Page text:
In China, the Green Lights Project – implemented together with the UN at a budget of US$14 million – is promoting the use of enery-saving lampsand phasing out the sale and production of incandescent lamps – for the entire country, including eco-cities. It could cut Chinese energy consumption by as much as 8 per cent. Guiyang has begun to adopt this approach along the river walk and in the underpath.

The transformation to or the creation of eco-cities poses several particular challenges, namely:
  • the creation, transformation or retrofitting/redesigning of an eco-city must be conducted in a holistic process;
  • the involvement of all multiple stakeholders in an inclusive manner;
  • the definition of measurable results and impact;
  • ideally, the chief planners should be chosen from among actors in a city as opposed to external consultants (e.g. ARUP, South Korea, China);
  • being a political process, a supportive government structure should be in place;
  • monitoring, a regulatory and judicial framework as well as enforcement mechanisms should be envisaged;
  • major links between economic, social, cultural/cultural heritage and ecological substructures will need to be identified;
  • the ecological needs of various social groups and their participation in improving their environment will need to be taken into account;
  • educational and briefing programmes need to be offered for various stakeholders.

Guiyang City has been at the forefront in leading the green economy initiative in China. As the capital of Guizhou province, it is the political, economic, educational and cultural center in the region. Called the Forest City, Guiyang boasts of “green color sticking to the mountains on the four sides of the city, buildings and houses covering the city layer by layer, two green belts surrounding the city and one green river running cross the city” – an ideal landscape to build a modern ecological city. A master plan was set up by the government to develop the regional economy, with the purpose of sustaining the city's ecological environment and improving the overall quality of the environment. By 2010, 40% of Guiyang will be covered with greens and the average green area per person will be 10 square meters.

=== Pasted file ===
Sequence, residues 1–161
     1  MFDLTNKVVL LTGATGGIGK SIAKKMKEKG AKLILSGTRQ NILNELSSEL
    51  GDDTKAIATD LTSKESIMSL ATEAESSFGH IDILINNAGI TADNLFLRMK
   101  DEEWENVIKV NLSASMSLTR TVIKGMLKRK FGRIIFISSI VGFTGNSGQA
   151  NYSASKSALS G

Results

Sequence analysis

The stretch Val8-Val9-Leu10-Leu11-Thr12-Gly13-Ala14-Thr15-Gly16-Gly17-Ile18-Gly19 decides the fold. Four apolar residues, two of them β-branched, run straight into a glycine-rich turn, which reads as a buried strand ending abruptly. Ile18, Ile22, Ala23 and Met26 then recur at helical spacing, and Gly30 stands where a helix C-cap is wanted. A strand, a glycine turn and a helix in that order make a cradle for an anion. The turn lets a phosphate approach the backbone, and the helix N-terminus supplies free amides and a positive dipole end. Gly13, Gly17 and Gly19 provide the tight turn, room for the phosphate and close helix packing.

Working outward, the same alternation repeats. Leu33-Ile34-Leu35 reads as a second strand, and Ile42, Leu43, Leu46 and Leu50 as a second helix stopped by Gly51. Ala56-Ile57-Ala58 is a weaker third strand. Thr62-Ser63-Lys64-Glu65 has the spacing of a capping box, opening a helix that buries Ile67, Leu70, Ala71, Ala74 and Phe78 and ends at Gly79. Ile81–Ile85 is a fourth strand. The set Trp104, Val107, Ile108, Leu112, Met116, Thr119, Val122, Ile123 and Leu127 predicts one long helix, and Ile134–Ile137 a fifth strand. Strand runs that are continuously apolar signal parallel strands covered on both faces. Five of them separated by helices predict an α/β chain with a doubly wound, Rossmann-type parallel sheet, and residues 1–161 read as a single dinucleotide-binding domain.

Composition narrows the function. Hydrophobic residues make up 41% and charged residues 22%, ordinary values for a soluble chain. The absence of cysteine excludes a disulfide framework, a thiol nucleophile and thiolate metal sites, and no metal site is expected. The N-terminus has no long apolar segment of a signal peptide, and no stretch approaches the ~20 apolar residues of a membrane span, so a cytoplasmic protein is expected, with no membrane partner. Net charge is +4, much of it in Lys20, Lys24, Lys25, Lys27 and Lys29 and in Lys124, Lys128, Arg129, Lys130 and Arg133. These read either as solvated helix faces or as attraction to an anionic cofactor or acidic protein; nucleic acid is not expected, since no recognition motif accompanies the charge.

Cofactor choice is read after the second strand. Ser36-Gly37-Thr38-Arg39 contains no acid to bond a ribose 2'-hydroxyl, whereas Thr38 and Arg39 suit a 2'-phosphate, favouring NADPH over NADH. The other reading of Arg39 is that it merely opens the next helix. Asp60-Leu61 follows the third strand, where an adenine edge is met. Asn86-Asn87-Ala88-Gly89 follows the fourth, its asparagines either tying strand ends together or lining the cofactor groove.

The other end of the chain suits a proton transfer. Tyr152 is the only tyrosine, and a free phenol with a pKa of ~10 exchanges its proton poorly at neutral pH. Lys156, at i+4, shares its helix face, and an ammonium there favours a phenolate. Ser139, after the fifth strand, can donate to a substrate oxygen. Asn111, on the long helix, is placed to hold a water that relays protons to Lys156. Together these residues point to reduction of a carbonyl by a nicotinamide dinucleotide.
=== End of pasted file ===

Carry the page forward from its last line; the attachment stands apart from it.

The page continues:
There are a multitude of focus areas for eco-cities:

  • pattern of land use and the role of agriculture
  • use of forests and other natural resources
  • creation of sustainable livelihoods and green jobs (jobs in sectors advancing green technologies and products such as solar energy, bicycles, hybrid cars; on the other hand jobs that help to move towards a greener reality without necessarily producing green products: energy efficiency, reducing carbon-footprint etc)
  • use of renewable sources of energy, including emissions trading
  • building of knowledge society
  • water and waste management
  • transportation
  • change of industrial structures
  • sensitization of citizens and building a consensus around the eco-city project
  • involvement of soft actors with huge impact on individual behaviour: culture, music, media, education

Ultimately, I would argue we have to move away from a false competition or even beauty contest between cities as to who has the best ecocity approach. Either all cities become eco-cities of one way or the other – or we will not be able to achieve a green economy at national and international levels. The experience gained with the model eco-cities must be replicated, according to the urban situations, and mainstreamed to the maximum, learning from and adapting different approaches. The key will be whether or not the cities will be able to move away from a vicious cycle of a carbon-heavy development to the virtuous cycle of a low-carbon, sustainable approach.

Ultimately, city mayors and managers will all have to develop a long breath and view – beyond the pressures of the electoral cycle – engaging into complex and multiple-layered projects.